Kenzo Takada, the founder of international luxury fashion house Kenzo, has died from COVID-19 complications at age 81 in Paris, France.
The news of his passing came during Paris Fashion Week and was announced by a spokesperson for the designer’s luxury brand K-3, which was only launched in January, according to CNN
“It is with immense sadness that the brand K-3 announces the loss of its celebrated artistic director, Kenzo Takada,” the statement reads. “The world-renowned designer passed away on October 4th, 2020 due to Covid-19 related complications at the age of 81 at the American Hospital, in Neuilly-sur-Seine, France.”
Takada, who was born in Himeji, near Osaka, in 1939, made his way to Paris in 1965, BBC
The Paris-based designer introduced his flagship store in Paris’ Place des Victoires in 1976 after starting his namesake fashion line in 1970. He was known for his bright-colored graphics and jungle-inspired designs.
Takada’s clothes were mostly inspired by Japanese designs. He said he didn’t want to “do what French designers were doing”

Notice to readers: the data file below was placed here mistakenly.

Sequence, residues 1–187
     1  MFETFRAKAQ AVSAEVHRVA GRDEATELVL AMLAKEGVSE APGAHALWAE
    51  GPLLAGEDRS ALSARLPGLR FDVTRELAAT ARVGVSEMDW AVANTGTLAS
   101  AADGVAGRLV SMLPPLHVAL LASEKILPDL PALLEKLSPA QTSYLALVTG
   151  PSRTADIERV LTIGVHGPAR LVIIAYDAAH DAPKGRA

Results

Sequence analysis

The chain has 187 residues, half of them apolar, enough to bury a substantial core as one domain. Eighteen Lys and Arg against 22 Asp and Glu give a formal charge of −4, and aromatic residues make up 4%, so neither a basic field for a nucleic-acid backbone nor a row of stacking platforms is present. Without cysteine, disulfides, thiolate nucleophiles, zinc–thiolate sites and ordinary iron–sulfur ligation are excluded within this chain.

However, Takada encountered controversy when he first opened his store Jungle Jap. In an interview with the New York Times in 1972
, he said he was aware of the meaning of “Jap,” especially in the United States.
“I knew it had a pejorative meaning,” he said. “But I thought if I did something good, I would change the meaning.”
Over the decades, Takada collected several awards and accomplishments for his venture, including magazine covers on Elle, the launch of his perfume empire and the selling of his brand to French luxury conglomerate LVMH. He retired from fashion in 1999 to pursue other projects.
Takada’s luxury fashion house made headlines in 2018
after they featured 83, all-Asian models for its 2018 clothing line.
“Kenzo Takada was incredibly creative; with a stroke of genius, he imagined a new artistic and colourful story combining East and West – his native Japan and his life in Paris,” K-3 CEO Jonathan Bouchet Manheim, said in a statement. “I had the chance to work alongside him for many years, always in awe, admiring his curiosity and his open-mindedness. He seemed quiet and shy at first, but he was full of humour. He was generous and always knew how to look after the people close to his heart. He had a zest for life… Kenzo Takada was the epitome of the art of living.”
A spokesman of Takada’s said the designer, with his nearly 8,000 designs, “never stopped celebrating fashion and the art of living.”
Paris Mayor Anne Hidalgo also paid tribute to the late fashion designer on Twitter, saying, “Designer of immense talent, he had given colour and light their place in fashion. Paris is now mourning one of its sons.”
Feature Image via Getty